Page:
According to the records, Australia was first discovered by Dutch explorers in the early 17th century. So how did 1,000-year-old copper coins from a former African sultanate end up on a remote Australian beach?
An Australian anthropologist, Ian McIntosh, is determined to get to the bottom of the mystery, which began when five coins were found buried in sand by a soldier patrolling the Wessel Islands off the continent’s north coast in 1944, two years after Darwin was bombed by the Japanese.
Maurie Isenberg, who was manning a radar station on the uninhabited but strategically important islands, stored the coins in a tin, and on coming across them again in 1979, sent them to a museum.
They were identified as originating in the former sultanate of Kilwa, near present-day Tanzania, and dated to as far back as the 900s.
So far, so mysterious, for according to the history books the first outsider to set foot on Australian soil was a Dutchman, Willem Janszoon, who landed in present-day north Queensland in 1606 – more than 160 years before Captain James Cook arrived and claimed the continent for the British throne.
Dr McIntosh believes that the coins, which have apparently been gathering dust in the museum, could rewrite Australian history, indicating that the country was visited long before Europeans arrived.
Now a World Heritage ruin, Kilwa was once a flourishing trade port and in the 13th to 16th centuries had links to India. Its trade – in gold, silver, pearls, perfumes, Arabian stoneware, Persian ceramics and Chinese porcelain – made it one of the most influential towns in East Africa.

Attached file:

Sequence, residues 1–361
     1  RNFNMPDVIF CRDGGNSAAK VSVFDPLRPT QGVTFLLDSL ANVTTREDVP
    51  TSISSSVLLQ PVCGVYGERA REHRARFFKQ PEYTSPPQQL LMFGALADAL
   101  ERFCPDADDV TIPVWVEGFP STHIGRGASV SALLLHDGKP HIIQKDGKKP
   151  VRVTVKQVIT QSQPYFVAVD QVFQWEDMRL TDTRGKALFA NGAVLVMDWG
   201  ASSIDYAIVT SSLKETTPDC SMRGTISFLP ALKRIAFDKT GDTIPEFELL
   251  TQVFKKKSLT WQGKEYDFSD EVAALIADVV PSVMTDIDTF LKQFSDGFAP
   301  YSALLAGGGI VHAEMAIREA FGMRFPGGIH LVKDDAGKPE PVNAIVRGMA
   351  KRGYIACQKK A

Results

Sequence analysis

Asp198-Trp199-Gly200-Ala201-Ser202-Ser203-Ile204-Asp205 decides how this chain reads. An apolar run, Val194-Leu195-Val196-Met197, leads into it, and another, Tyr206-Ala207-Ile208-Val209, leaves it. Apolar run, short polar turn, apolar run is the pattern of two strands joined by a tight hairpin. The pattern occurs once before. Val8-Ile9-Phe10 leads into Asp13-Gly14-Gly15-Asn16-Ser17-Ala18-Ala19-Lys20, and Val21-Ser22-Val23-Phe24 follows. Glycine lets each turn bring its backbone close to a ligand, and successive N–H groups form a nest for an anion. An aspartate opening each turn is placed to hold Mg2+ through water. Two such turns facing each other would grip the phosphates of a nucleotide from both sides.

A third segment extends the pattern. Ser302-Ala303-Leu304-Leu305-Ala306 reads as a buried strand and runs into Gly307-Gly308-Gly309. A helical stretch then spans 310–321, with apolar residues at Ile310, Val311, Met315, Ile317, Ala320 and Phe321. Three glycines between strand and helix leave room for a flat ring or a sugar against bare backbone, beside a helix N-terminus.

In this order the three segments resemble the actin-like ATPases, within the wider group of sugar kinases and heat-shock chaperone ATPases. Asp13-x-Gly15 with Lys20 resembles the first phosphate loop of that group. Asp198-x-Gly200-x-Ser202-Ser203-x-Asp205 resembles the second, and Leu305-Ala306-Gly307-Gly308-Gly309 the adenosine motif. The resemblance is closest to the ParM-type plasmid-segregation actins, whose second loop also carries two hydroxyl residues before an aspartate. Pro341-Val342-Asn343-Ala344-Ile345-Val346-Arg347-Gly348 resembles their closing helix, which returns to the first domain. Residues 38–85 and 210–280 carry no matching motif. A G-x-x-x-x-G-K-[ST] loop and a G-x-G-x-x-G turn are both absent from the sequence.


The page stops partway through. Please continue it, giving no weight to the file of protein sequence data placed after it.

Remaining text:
To those of us who are well familiar with African history, this comes as no surprise.
Yes this is news (this is my first time hearing about these coins) but considering how far and wide Africans travelled at the time Europeans were still in the backwaters, it is not strange that they (at least their coins) reached Australia.
What I detest is this insistence on “discovery”, the indigenous people of Australia have been there for a while, neither Africans or Europeans (or people from the Middle East who have played roles in East African history) “discovered” Australia.
A new United Nations report says AIDS-related deaths in Africa are falling while the number of Africans getting treatment for the AIDS virus is on the rise.
The report from the Joint United Nations Program on HIV/AIDS says the number of people in Africa who receive anti-retroviral drugs increased from less than 1 million in 2005 to more than 7 million last year.
It says AIDS-related deaths fell by nearly a third during that same period, and that new HIV infections are also falling.
Many African countries have taken steps over the past decade to ensure that at least some of their HIV patients have access to treatment.
The report, released Tuesday, notes that Africa continues to be affected by HIV more than any other region in the world. It says the continent accounts for nearly 70 percent of people living with the virus worldwide.
It also notes that in 2011, there were still 1.8 million new HIV infections in Africa, and 1.2 million people died of AIDS-related illnesses.